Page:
Monday, November 19, 2007



T.E.D. KLEIN, the much under-rated horror writer, sent me in a packet of clippings an article by Steve Wasserman from the Columbia Journalism Review. It contains what I will from now on take as a solemn injunction shadowing the fragments of this bog:

The predicament facing newspapers... is the sea change in the culture of literacy itself, the degree to which our overwhelmingly fast and visually furious culture renders serious reading increasingly irrelevant, hollowing out the habits of attention indispensable for absorbing long-form narrative and the following of sustained argument.


SO, while this swamp might have the appearance of being a collection of random thoughts it is no more fragmented than the NOTEBOOKS of PAUL VALERY or that grand collection of fragments embodied in the arbitrary 15 volumes of the THE COLLECTED WORKS IN ENGLISH published some time ago in the Bollingen series by Princeton University Press.

The reader can enter it at any moment, move back and forth as they might also do in HOPSCOTCH by JULIO CORAZAR and I might as well mention: books by five other authors will fall from the shelf as required: E.M. CIORAN, MAURICE BLANCHOT, ROBERTO CALASSO, MAX STIRNER, LOUIS FERDINAND CELINE.


The most disappointing book of the early part of this coming year will be IMRE KERTESZ's DETECTIVE STORY. (Knopf, January 2008) Set in a mythical, possibly South American country it concerns itself with being the confession of former police interrogator. Much is made about protecting and supporting the "Homeland." And what ideology is present is distinctly of a fascist authoritarianism.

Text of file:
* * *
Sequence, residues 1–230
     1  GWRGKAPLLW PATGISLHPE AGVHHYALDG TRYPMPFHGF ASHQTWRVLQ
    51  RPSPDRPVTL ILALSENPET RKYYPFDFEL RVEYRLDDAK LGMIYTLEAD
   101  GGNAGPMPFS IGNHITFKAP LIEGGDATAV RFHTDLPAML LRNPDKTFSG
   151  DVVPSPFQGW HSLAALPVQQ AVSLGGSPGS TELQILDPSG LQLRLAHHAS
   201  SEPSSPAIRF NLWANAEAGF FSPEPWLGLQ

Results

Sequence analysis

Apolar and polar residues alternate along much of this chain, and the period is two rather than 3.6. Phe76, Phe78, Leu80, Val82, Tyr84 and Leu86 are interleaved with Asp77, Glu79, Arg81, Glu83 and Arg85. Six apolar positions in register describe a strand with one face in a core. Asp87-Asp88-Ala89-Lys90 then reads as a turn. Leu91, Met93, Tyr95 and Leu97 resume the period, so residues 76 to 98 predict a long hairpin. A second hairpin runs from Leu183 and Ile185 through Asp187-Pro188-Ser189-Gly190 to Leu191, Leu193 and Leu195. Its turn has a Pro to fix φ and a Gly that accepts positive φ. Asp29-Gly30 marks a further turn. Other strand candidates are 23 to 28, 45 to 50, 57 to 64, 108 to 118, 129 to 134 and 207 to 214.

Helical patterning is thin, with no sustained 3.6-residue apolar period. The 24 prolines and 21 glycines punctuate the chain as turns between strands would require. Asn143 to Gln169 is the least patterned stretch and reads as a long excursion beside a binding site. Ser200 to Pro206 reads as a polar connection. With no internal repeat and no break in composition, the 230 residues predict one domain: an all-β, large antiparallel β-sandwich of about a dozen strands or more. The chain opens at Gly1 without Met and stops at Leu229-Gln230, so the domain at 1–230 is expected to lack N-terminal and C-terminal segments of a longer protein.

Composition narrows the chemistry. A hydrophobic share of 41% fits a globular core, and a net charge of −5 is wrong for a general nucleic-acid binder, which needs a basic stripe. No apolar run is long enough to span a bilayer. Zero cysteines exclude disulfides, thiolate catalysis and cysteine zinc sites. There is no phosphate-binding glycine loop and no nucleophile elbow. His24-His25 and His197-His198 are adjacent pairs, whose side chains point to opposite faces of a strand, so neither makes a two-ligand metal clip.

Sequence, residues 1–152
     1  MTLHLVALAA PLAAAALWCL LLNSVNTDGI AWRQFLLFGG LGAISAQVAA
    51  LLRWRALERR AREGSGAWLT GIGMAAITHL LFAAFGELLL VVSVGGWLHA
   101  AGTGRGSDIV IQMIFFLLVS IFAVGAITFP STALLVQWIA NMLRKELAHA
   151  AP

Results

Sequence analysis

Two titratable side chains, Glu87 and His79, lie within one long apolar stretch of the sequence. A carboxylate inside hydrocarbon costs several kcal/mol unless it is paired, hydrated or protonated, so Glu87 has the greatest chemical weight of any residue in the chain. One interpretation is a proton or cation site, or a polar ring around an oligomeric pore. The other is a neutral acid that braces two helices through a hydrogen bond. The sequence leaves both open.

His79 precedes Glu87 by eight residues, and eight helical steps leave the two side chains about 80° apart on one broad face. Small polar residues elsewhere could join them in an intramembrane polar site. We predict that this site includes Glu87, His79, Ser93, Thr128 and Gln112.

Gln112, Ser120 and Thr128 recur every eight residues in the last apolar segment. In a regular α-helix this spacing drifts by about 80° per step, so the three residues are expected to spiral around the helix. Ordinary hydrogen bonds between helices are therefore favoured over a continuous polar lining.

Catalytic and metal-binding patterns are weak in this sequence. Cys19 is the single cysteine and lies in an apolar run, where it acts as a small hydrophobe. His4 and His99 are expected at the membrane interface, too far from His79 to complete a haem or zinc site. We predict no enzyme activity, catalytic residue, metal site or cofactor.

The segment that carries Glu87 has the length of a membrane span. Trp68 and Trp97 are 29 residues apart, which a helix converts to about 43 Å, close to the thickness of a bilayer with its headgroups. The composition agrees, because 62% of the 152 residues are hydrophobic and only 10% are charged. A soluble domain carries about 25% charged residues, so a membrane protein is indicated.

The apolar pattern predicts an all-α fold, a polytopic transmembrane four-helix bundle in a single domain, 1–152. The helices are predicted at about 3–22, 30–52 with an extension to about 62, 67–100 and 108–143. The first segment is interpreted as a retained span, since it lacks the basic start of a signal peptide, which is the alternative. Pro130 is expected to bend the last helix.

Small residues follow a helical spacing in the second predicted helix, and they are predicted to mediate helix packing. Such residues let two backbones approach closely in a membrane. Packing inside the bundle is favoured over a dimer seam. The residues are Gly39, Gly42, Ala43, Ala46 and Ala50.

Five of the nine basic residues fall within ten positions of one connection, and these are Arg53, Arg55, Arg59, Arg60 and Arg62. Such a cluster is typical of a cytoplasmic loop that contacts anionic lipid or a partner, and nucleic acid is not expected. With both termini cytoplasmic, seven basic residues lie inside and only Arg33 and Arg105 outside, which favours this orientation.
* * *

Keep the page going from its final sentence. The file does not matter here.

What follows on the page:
When questioned a woman at Knopf said it was being done at the suggestion of Kertesz's German publisher and the writer himself. Published originally in Hungarian in 1977 it could then have hardly concerned itself with the more obvious experience of the Communist dictatorship in Hungary itself.

So a little anti-American opportunism trumps Knopf's wise and thoughtful publication of two previous Kertesz novels in new translations, FATELESS AND KADDISH FOR AN UNBORN CHILD which were part of a trilogy. Of course the very title of the third book of the trilogy FAILURE might have posed some problems... but at least readers would now know why Kertesz is an interesting and important writer and the debate could really be had as to why Hungary has within its borders three writers--- Kertesz, Peter Esterhazy and Peter Nadas--- who tower over every single living American writer in the audacity of their accomplishments--- authors of books that refuse to repeat the dreary exhausted forms of what passes for innovative fiction in this country. If I was younger and had a gift for languages as did James Joyce learning Norwegian so he could read IBSEN, I would try to learn Hungarian... but I have no gift for languages and so I must endure this insult...

Readers can find these authors at and fortunately many books by Esterhazy and Nadas have already been translated. I have to always mention these three authors together as I find it impossible to rank them... I think of them as a complete tiny far away country. You too can get a visa at your bookshop.